When anglers need a dependable relief pitcher, the White River always brings the heat.
David Shindler and Drew Christian, both of Little Rock, tapped the Kings River to start their recent fishing adventure in the Ozarks on May 29-30. Despite decent fishing conditions, the Kings couldn't find the strike zone, so Shindler and Christian turned to the War Eagle for middle relief. Despite its stellar reputation, the War Eagle didn't bring its best stuff, either.
The late innings went to the White River, which closed the outing with an admirable performance that sent the fans home happy.
Shindler and Christian have been fishing together for more than 20 years, but their activity level is accelerating with age as they discover exciting new places in Arkansas to visit. They prefer small rivers, but in recent years they have discovered that many of the feeder creeks to the White and Little Red rivers also have excellent fishing. They have also discovered small watershed lakes and water supply reservoirs that exist to most Arkansans as only small blue blots on a map. Their challenge, Shindler said, is navigating small waters for which big boats are unsuitable, but which are also too big for paddlecraft.
"We're past our prime in canoes, so we started fishing in a drift boat," Shindler said. "It's perfect for what we do."
It's not the typical drift boat that fishing guides use on the White River with a wide beam and high, upswept bow and stern. It's an inflatable model called the Stealth Craft Hooligan. This is very important, Shindler said, because it is the ideal solution for the kind of fishing that he and Christian do. It's 141/2 feet long. The oarman sits in the middle, and stanchions at the bow and stern enable fly fishing while standing.
"The boat was the star of the weekend," Shindler said. "The rivers were swift, and they were tough to navigate with high water. We had to get through rocks. We had to get through trees. There was nothing blocking the river, but they posed a challenge."
On Friday May 28, Shindler and Christian launched their Hooligan for a 5-mile float on the Kings River in Carroll County. It rained all day, but Shindler said it was the only green water in Northwest Arkansas. When they're not flooded, streams in the Ozarks have an emerald tint from the minerals in the water. Anglers love to see it, but the fish didn't bite.
"It was up and running about two-and-a-half miles per hour," Shindler said. "We got on the water at 9 a.m. and came off at 4. Only twice during the day did I take the hood off my head. It rained so much that we couldn't even eat our sandwiches. Peanut butter crackers is all we ate. I think we caught five smallmouth bass, none of them with any size."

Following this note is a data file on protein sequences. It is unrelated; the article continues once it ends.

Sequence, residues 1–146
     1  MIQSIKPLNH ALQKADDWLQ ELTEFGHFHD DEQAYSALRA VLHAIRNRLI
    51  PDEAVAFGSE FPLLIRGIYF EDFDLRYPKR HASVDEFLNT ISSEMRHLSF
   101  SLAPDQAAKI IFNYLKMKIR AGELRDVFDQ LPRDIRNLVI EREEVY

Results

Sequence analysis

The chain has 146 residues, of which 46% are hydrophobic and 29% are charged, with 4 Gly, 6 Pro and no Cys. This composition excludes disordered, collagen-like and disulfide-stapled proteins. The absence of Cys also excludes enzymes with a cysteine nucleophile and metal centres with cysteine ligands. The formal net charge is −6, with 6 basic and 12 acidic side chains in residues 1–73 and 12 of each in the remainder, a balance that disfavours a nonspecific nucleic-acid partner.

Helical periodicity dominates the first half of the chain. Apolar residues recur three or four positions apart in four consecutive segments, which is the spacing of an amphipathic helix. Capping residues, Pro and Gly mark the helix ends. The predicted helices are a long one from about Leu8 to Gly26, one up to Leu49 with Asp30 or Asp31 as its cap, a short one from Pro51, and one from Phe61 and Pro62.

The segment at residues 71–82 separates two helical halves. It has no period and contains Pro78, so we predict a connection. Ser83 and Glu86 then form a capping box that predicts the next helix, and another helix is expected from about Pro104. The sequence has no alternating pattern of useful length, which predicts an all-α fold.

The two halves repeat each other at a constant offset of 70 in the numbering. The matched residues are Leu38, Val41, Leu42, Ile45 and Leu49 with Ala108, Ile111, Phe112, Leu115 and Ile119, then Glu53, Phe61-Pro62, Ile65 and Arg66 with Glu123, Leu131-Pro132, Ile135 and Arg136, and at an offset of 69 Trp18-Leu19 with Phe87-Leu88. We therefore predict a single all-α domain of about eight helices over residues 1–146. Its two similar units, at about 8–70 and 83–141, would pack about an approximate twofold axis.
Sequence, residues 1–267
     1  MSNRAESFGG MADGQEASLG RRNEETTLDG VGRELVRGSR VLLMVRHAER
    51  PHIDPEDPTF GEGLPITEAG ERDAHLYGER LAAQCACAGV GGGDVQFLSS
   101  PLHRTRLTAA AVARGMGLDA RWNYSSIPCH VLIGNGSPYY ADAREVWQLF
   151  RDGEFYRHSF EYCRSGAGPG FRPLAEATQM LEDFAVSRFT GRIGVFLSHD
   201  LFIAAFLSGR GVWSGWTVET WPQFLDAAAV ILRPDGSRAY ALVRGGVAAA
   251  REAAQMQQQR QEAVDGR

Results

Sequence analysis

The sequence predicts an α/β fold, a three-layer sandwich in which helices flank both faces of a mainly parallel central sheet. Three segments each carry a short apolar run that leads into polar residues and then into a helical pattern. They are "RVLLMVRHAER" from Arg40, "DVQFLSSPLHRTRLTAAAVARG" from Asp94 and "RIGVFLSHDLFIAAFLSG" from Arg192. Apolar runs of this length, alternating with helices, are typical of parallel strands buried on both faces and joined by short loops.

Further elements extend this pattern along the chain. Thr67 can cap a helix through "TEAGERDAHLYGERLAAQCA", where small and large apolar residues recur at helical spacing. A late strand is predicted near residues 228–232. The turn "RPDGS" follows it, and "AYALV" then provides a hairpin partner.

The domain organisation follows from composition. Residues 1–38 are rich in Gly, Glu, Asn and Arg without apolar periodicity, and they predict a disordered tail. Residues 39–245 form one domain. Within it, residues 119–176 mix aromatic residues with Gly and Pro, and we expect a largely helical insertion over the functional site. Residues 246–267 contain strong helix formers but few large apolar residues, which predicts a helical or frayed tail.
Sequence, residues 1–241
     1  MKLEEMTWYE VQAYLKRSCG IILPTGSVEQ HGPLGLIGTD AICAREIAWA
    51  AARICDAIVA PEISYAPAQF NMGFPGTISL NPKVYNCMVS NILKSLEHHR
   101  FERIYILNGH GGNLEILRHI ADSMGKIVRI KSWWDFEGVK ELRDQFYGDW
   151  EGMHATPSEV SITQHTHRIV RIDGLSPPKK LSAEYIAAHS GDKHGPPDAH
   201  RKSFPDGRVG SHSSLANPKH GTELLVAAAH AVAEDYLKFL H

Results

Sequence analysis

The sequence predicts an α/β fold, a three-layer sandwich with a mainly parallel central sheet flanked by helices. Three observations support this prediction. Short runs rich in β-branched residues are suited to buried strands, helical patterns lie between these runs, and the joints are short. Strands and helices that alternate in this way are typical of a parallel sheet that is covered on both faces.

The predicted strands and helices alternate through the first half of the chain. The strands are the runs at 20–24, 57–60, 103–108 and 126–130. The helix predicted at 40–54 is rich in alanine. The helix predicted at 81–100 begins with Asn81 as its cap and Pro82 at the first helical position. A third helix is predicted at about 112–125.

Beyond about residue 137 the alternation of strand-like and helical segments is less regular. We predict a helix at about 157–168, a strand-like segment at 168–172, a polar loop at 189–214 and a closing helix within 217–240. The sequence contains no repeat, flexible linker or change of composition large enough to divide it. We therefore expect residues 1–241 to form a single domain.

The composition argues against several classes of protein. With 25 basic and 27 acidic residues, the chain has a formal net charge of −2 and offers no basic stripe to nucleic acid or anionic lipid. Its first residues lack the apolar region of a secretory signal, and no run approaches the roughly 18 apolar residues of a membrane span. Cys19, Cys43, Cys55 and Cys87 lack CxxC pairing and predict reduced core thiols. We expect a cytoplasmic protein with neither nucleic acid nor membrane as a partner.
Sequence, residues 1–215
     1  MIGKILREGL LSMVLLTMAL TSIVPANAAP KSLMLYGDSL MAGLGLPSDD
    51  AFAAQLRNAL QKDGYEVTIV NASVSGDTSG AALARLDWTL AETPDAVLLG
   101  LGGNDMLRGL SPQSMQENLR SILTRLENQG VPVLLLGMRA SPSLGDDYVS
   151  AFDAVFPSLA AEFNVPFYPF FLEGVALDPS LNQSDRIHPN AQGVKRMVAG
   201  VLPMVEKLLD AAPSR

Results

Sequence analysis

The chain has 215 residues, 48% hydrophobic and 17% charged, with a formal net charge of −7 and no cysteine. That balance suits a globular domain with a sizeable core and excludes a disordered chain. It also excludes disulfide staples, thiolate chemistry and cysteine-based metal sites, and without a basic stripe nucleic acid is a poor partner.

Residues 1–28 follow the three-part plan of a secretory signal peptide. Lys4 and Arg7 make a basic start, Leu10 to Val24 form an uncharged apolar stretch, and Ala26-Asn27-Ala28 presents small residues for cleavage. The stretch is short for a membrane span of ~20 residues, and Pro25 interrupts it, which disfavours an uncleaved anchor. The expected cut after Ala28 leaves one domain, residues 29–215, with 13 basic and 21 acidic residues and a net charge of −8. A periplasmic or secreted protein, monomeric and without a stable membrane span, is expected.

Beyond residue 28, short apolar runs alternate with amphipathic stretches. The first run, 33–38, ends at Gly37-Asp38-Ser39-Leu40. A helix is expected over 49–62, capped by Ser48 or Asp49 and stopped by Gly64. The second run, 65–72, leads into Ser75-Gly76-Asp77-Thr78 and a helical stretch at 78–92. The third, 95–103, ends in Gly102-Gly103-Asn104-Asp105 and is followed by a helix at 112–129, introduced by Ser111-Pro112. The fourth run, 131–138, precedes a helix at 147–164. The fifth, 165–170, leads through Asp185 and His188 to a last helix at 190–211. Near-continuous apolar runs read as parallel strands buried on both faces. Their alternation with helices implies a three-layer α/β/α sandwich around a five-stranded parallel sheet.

Even so, Shindler said the trip was successful.
"We didn't see another person on it, and we didn't see another man-made structure," Shindler said. "Two bald eagles flew right over our heads and landed on two big trees on both sides of river. They just looked at us as we went past them. It was eerie."
On May 29, Shindler and Christian visited the War Eagle River.
"It's a goat trail that goes straight down a mountain to the Game and Fish access," Shindler said. "The river was up, and it was muddy. It was every bit as fast as the Kings."
It didn't rain and the pair caught only three fish in a 7.5-mile float, but Shindler said he treasures the experience.
"It's a mini Buffalo River with all its cliffs and overhangs," Shindler said. "All of the bird noises and forest noises sounded like an old Tarzan movie. It was really cool because it let you know you were in wild Arkansas. We didn't see another person."
By May 30, Shindler and Christian were ready to add some fish to the experience. They gave the ball to the White River.
"Sunday was a flex day," Shindler said. "The Kings River was going to be crowded, and the War Eagle wasn't going to drop enough to change it. Water conditions were good on the White, so we went over there, and both of us caught nice brown trout. It was the capstone to the weekend."
Throwing sinking Rapala stickbaits, Shindler and Christian caught brown trout drifting in the Wildcat Shoals area, including two that were 18 and 19 inches long.
"It was 85 degrees and sunny," Shindler said. "We were about 30 feet off the bank throwing to the bank. A cloud bank came over, and both of us nailed them on large Rapalas. They came out from under those rocks and just hammered them."
Fishing often with one partner for so long has created an unbreakable bond that evolves with time. Catching fish is actually secondary. Shindler and Christian value the experience, Shindler said, and catching fish is a bonus.
"We fish seamlessly together. It's just something we do," he said. "You support your fishing buddy. We help each other fish. If I can't catch one, I try to help him catch one. In two days of fishing, we didn't catch 10 fish. Eight fish together. That's not great catching, but it was great fishing. The perspective of time gives you that too, to appreciate being on the water doing something relaxing and beneficial."
With the help of his Arkansas Atlas and Gazetter, Shindler is already looking for new places to plan the next adventure.